Like any telephone lover, I want crystal-clear reception and complete conversations -- without the annoying echoes, dropped sentences, or abrupt terminations that have plagued Web-based phones in the past. Internet Telephone from Callserve Communications seems to have circumvented such snags -- and it delivers pretty impressive call quality over a broadband connection.
You prepay for talk time by purchasing units from the U.K.-based service. I started with 2000 units (which cost roughly $31 -- the price fluctuates based on exchange rates). Those 2000 units can get you more than 600 minutes of talk time using your PC, depending on how and where you call. If you call outside the United States, connections to cell phones cost more than those to landlines. For example, you pay 3 units (about 5 cents) per minute to Italy or the United Kingdom, but calls to cell phones in the two countries cost 33 cents and 36 cents per minute, respectively.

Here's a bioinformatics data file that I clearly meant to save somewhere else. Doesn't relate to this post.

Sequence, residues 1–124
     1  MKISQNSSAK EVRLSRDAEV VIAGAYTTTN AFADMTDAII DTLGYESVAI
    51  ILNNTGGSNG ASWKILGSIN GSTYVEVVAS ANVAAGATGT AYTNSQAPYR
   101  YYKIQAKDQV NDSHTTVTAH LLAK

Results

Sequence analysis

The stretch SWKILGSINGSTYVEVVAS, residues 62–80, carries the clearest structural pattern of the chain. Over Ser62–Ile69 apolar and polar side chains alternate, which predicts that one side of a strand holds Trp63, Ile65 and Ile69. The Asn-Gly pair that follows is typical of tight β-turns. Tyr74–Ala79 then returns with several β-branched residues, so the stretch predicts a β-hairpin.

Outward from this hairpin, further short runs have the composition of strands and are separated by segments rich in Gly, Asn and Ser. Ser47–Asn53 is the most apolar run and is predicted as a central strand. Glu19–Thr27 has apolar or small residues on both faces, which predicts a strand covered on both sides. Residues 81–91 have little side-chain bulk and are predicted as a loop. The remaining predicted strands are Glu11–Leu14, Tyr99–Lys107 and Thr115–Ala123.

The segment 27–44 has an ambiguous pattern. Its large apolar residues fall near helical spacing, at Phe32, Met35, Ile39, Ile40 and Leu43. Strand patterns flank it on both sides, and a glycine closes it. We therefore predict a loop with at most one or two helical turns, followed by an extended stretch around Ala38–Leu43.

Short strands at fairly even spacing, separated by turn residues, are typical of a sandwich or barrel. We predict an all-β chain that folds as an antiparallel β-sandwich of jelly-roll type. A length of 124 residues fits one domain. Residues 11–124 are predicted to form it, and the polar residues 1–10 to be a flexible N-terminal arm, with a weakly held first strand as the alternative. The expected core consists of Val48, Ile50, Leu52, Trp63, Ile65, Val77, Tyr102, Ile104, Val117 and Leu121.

After downloading the service's free software, you plug a microphone into your PC, type your number into the Internet Phone app, click the "place call" icon, and start yakking. The software also keeps track of how and where you're calling.
I tested the service nationally and overseas by using standard PC headset microphones as well as Callserve's $50 USB Internet Handset and its $13 Analog Internet Handset. The quality wasn't as good when I used a USB port. Unfortunately, getting the sound fine-tuned was time-consuming. Initially, I had no problem hearing people, but to at least one listener, I sounded like a distressed fax machine. To change that, I had to futz a bit with volume control and microphone settings. You may use the software to adjust the sound settings, to redial, and to access your call log by clicking the virtual phone's buttons (by the time you read this, the software should also offer a phone book feature).
Anyone who calls landlines abroad regularly can save on long-distance charges by using Callserve's Internet Telephone. But you have to enjoy being online and perched near your PC to use it.
By Aoife McEvoy